News Story

Charter School Critic Shocked At Groups Giving Teachers Information On Unions

Campaign tells teachers that union fees are now optional

A leading national critic of charter schools expressed shock about a national campaign to educate schoolteachers about exercising what the U.S. Supreme Court just recognized as a constitutional right. In a blog post of June 30, Diane Ravitch reacted to an effort to inform teachers of a new ruling that compelling public employees to pay union fees violates the First Amendment.

Ravitch wrote, “This is amazing. The ink wasn’t even dry on the Janus Decision, and letters from a rightwing policy shop in Michigan were delivered to teachers in New York, urging them to leave their union. The letters came from the Mackinac Center, which has been a recipient of DeVos family funding. Mackinac says it plans to spend $10 million on its anti-union campaign. How do these people sleep at night?”

The Mackinac Center for Public Policy is part of a nationwide effort to educate public sector employees on their newly recognized right to not have to pay dues and fees to a union as a condition of employment.

Experts from across the political spectrum have predicted for more than a year that the court was likely to rule against unions in case of Janus v. AFSCME. Some called the June 28 ruling “the most significant court decision affecting collective bargaining rights in decades.”

During the first day after the Janus ruling, the Mackinac Center reported that more than a thousand public sector employees downloaded a form to stop paying. The Mackinac Center set up a website where all public sector workers can look up the procedures for opting out of every major public sector union, called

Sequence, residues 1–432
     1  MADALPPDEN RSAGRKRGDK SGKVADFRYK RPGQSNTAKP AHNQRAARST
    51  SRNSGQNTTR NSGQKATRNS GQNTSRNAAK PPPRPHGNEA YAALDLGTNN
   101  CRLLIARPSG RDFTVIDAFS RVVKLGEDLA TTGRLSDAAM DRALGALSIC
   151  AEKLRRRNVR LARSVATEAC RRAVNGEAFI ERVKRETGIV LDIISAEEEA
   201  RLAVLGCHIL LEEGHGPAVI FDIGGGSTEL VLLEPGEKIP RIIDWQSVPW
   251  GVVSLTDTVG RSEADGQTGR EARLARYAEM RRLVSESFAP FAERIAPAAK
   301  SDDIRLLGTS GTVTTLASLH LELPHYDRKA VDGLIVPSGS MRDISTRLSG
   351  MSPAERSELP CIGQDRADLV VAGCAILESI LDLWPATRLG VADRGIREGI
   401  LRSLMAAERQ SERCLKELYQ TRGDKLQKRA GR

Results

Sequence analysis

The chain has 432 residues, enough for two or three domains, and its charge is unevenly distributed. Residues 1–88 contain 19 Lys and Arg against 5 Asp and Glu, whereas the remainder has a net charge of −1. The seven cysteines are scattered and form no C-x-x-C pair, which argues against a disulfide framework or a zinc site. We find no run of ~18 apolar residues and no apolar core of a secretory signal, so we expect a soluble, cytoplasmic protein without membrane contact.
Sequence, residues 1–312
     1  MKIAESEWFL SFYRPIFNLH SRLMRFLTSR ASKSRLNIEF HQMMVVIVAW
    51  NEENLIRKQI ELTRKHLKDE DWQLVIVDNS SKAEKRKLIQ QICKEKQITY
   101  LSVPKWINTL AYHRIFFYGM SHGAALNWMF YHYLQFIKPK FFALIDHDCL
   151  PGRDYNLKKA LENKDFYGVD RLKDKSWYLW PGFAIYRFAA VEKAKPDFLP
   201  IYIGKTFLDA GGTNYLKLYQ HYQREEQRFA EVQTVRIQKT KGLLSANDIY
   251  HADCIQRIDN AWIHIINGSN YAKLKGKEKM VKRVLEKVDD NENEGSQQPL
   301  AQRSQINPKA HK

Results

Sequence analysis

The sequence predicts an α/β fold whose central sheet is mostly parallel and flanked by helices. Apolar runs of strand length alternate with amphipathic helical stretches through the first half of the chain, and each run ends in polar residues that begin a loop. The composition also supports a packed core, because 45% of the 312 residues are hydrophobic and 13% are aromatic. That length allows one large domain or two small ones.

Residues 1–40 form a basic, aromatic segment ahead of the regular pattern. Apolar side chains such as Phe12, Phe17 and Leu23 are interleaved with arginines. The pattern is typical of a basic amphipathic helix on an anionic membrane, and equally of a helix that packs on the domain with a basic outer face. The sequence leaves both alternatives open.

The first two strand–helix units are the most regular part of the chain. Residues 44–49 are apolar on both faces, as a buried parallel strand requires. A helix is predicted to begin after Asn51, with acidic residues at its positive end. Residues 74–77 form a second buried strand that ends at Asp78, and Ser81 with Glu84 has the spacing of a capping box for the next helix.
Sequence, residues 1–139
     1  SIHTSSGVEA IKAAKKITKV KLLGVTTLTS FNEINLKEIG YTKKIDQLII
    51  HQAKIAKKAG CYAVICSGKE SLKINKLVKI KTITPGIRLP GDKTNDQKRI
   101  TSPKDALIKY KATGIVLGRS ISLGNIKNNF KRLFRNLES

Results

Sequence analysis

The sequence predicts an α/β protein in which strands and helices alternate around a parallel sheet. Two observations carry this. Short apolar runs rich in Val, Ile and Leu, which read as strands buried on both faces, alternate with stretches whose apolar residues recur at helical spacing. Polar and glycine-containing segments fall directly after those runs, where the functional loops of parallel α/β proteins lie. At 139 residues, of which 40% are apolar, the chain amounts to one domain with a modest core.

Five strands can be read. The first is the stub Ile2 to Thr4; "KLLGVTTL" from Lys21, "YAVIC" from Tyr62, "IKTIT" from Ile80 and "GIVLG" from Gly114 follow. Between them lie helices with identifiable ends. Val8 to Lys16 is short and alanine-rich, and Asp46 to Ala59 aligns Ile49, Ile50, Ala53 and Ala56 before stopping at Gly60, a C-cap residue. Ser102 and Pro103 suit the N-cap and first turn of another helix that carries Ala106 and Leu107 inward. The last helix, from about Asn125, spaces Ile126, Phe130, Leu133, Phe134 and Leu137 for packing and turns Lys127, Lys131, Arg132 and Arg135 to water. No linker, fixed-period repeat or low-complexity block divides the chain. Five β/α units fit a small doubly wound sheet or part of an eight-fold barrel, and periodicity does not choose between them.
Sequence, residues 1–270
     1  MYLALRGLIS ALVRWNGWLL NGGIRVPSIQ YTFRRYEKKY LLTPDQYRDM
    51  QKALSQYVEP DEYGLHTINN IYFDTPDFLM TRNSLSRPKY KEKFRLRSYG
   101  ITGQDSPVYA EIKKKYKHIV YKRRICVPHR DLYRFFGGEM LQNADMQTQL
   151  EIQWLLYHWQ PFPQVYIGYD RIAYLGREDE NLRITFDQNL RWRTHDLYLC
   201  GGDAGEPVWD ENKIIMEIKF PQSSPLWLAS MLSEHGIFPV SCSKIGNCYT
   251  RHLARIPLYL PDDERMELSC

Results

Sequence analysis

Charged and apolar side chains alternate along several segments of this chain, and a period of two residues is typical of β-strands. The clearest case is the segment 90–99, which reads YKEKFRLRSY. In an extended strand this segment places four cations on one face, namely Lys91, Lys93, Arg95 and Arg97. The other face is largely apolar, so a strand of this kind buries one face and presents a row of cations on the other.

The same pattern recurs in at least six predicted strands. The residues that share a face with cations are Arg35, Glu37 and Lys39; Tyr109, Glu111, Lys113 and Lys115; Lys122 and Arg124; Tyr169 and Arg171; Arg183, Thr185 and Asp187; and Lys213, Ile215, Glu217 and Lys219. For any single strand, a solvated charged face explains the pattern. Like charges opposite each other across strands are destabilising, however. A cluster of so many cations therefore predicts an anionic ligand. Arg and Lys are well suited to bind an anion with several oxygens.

The New Jersey Education Association, the teachers union in that state, alerted its members in an email that the Mackinac Center had sent emails to school employees advising them on how to stop paying the NJEA.

Joe Lehman, president of the Mackinac Center, co-authored a June 28 op-ed in USA Today with John LaPlante that spelled out why there was a need to inform public sector union workers of their rights in the post-Janus world.

Lehman and LaPlante described in the piece the many devices used by Michigan unions to thwart legitimate efforts by public sector employees to leave their union after this state’s right-to-work law was passed in 2012.

For example, in 2015, the Michigan Education Association set up an obscure P.O. Box that all union opt-out requests had to be sent to. Opt-out requests sent to the regular union headquarters address would not be accepted.

The MEA also had set up the month of August as the only time a union member could opt out. The vast majority of teachers in the state are not in school in August.

The Michigan Employment Relations Commission and the Michigan Court of Appeals both ruled that the MEA’s attempt to restrict opt-outs to August was illegal.

“As many chapters of American history reveal, rights aren’t self-executing; they must be defended,” Lehman and LaPlante wrote in the USA Today op-ed. “Michigan went right-to-work in 2012, and the abusive union tactics that ensued gave us a close-up view of how unions might behave in a post-Janus world. That experience has prompted us and others to anticipate what champions of individual rights must do now.”

Michigan Capitol Confidential is operated by the Mackinac Center for Public Policy. LaPlante provides editorial services for Mackinac Center projects, including Michigan Capitol Confidential.